Mumbai: Jet Airways (India) Ltd has initiated talks with Delhi-based low-fare carrier SpiceJet Ltd for an operational alliance in engineering and ground operations, said two executives from each airline.
The alliance will be for Jet Airways’ low-fare unit JetLite (India) Ltd and its all-economy class product Jet Airways Konnect.
Since “SpiceJet, JetLite and Jet Airways Konnect largely operate Boeing 737 planes, the proposed operational alliance is looking at synergy of operations and cross-utilization of resources”, said another person familiar with the development, adding the move may shave both airlines’ engineering and maintenance costs by 35-40%.
Seeking cooperation: The alliance will look at ‘aircraft on ground’ issues and the airlines will pool parts, tools, spares and services of engineers to make the planes airworthy as soon as possible. Abhijit Bhatlekar / Mint
The arrangement will allow planes from the airlines to be maintained or serviced at airports where one of the partners has stronger resources, but there is “no proposal for code-sharing, cross-selling of tickets and joint fuel management”, this person told Mint.
This alliance will essentially look at “aircraft on ground” (AoG) issues, he said, adding that the airlines will pool parts, tools, spares and services of engineers to make the planes airworthy as soon as possible.
“The initial priority of this alliance was only JetLite, but later Jet Airways Konnect was also included, considering the similarity of the fleet,” said this person.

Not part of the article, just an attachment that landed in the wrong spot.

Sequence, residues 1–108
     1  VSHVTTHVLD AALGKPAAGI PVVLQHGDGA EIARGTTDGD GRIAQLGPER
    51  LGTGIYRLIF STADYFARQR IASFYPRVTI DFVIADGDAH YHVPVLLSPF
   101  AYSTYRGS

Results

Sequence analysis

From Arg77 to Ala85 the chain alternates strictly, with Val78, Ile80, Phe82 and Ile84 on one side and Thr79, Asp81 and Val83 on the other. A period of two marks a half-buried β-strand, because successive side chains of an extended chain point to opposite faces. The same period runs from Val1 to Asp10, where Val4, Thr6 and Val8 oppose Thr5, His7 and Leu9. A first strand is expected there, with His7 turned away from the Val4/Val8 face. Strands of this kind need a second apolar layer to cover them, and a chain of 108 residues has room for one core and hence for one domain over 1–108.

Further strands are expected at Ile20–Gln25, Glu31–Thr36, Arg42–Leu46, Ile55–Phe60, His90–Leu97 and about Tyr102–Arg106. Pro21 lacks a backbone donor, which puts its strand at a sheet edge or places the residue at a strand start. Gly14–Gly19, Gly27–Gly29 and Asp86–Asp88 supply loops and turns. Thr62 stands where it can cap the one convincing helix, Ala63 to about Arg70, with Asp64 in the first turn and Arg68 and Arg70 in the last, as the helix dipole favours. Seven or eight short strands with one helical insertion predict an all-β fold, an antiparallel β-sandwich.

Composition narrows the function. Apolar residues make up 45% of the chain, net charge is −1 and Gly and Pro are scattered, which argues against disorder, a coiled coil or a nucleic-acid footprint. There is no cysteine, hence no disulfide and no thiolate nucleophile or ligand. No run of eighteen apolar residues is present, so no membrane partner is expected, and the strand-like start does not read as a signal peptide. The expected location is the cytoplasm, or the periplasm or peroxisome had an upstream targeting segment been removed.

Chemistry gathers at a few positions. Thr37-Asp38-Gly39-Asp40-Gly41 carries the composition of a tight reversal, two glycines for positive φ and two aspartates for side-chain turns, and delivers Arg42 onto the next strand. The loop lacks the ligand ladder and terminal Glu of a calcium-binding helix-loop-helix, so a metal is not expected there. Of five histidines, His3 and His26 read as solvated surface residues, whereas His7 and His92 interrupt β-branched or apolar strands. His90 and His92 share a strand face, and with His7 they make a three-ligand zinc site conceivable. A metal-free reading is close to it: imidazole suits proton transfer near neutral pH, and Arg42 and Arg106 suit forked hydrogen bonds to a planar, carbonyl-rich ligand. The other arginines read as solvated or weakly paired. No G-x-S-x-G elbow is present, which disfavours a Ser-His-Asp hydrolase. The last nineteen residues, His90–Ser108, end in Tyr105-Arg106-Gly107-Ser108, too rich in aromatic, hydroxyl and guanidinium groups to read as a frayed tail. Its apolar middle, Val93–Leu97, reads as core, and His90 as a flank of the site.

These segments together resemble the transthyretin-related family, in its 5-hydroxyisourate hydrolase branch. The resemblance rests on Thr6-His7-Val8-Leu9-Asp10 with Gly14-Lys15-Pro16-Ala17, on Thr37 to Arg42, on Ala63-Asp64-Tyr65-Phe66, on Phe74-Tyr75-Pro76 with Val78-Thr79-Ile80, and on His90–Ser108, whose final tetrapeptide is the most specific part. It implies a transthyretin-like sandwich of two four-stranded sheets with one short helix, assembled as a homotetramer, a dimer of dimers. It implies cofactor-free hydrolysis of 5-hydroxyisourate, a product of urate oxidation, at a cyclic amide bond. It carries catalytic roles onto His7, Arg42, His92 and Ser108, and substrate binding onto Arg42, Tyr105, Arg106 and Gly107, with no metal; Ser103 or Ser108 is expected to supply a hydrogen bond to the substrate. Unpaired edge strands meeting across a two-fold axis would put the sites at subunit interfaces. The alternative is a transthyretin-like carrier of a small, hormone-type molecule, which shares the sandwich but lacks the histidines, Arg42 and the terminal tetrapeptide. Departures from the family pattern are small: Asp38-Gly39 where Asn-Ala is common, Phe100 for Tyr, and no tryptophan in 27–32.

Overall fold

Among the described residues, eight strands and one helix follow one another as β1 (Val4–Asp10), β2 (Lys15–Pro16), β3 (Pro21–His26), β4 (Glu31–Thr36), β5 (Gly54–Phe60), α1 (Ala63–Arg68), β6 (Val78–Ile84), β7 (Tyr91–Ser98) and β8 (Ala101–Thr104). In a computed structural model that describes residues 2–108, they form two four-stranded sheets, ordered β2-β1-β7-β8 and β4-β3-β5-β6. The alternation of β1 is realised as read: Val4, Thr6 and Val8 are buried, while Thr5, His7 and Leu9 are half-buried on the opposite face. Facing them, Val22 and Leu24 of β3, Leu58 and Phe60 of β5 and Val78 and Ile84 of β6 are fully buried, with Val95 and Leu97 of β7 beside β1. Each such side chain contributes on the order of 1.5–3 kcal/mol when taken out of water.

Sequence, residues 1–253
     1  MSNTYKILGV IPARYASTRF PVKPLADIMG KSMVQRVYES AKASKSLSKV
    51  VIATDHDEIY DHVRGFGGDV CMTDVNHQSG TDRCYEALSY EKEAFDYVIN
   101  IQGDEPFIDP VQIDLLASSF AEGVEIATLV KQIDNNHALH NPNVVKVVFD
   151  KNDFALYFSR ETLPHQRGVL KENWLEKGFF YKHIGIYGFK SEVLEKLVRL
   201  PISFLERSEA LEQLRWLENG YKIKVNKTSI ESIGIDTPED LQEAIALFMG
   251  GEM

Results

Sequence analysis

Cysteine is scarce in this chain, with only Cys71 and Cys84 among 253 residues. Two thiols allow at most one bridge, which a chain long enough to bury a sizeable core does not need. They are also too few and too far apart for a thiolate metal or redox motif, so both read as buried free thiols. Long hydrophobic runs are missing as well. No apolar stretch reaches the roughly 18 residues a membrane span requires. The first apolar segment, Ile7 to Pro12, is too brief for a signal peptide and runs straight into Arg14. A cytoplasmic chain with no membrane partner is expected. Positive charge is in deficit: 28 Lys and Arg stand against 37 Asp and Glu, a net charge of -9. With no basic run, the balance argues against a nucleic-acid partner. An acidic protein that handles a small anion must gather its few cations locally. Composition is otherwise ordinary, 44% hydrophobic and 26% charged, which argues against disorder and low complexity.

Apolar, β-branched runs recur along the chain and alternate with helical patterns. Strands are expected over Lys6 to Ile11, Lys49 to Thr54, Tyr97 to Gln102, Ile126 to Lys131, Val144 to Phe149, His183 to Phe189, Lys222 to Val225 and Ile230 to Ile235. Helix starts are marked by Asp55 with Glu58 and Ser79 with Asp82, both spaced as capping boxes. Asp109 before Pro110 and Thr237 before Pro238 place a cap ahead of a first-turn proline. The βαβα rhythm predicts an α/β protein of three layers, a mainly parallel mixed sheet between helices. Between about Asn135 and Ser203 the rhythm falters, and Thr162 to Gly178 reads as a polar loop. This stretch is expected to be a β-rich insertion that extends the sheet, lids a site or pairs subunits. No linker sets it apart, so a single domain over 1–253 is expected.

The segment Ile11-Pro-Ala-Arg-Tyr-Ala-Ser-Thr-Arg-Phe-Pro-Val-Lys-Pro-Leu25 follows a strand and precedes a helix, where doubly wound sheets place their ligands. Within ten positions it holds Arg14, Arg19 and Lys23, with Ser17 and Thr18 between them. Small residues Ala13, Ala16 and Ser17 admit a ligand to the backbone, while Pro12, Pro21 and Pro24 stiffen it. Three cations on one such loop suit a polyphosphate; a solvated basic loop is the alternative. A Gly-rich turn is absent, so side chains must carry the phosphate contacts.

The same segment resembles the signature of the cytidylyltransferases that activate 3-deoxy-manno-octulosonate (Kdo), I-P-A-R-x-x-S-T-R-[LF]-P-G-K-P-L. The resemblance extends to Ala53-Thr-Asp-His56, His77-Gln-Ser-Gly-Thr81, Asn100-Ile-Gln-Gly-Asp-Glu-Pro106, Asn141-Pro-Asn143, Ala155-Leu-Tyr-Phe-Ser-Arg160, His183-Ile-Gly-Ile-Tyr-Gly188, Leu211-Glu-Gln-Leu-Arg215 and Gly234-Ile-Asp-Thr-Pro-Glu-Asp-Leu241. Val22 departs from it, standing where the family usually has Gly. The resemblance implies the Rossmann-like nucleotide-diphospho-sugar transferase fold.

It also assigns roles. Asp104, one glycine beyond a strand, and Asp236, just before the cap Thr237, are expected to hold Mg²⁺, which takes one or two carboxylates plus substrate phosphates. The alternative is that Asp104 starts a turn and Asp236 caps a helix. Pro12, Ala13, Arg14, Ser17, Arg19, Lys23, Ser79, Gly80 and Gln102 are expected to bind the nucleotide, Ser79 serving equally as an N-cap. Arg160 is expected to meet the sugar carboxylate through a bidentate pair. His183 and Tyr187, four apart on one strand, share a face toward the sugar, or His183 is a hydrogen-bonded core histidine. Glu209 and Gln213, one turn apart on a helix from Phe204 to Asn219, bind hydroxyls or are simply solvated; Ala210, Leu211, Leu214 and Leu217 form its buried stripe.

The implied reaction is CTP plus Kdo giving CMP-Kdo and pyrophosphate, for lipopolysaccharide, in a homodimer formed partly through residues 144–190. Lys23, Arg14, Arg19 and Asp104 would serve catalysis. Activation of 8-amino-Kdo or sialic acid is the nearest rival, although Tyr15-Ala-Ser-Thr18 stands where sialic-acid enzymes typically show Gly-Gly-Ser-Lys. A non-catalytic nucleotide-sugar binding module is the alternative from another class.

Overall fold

None of these persons wanted to be identified because the talks are confidential and still at an early stage.
“I am not aware about any developments. If at all there is something in this, it would be done at our chairman’s level,” said Jet Airways’ executive director Saroj K. Datta.
A spokeswoman for SpiceJet declined to comment, saying she did not have any information on the matter.
Jet Airways, which is India’s largest private carrier by passenger traffic, had in October 2008 announced an operational alliance with direct rival and second largest private airline Kingfisher Airlines Ltd for both flights and ground operations. The Competition Commission of India (CCI) sought information on the alliance in August, posing a hurdle to the cooperation plan.
Kingfisher Airlines vice-president (corporate communications) Prakash Mirpuri said the Jet-Kingfisher alliance is still intact.
SpiceJet operates 127 flights daily to 18 cities with 19 Boeing 737 aircraft while JetLite operates a fleet of 23 planes, of which 16 are Boeing 737s. Two-thirds of Jet Airways capacity is through its all-economy and low-fare product Jet Airways Konnect, which operates 56 planes.
At least half a dozen senior executives from each carrier are working on the operational alliance and hope to reach a working arrangement by the end of November, the person quoted earlier said.
Kingfisher Airlines chairman and managing director Vijay Mallya, at the company’s 14th annual general meeting on 29 September, said he did not want to comment on the alliance, but said both the carriers were cooperating.
“These are conversations that are best kept in private,” he said at the time. “Significant progress is there by helping each other in reducing cost. It will make significant impact for both carriers. The alliances are common worldwide.”
This is at least the third time that an attempt has been made by private carriers to form an operational alliance. In early 2006, private airlines operating Airbus planes came together to form an association to share engineering resources, equipment, technical manpower and training requirements. The alliance included carriers such as Kingfisher Airlines, GoAir, Air Deccan (which was later acquired by Kingfisher) and IndiGo. However, the proposed alliance never took off due to differences of opinion among member airlines.
SpiceJet shares rose 3.07% on the Bombay Stock Exchange (BSE) to close at Rs40.25 on Thursday while Jet Airways shares declined by 1.63% to close at Rs428.15. The benchmark Sensex rose 0.22% to close at 16,843.54 points.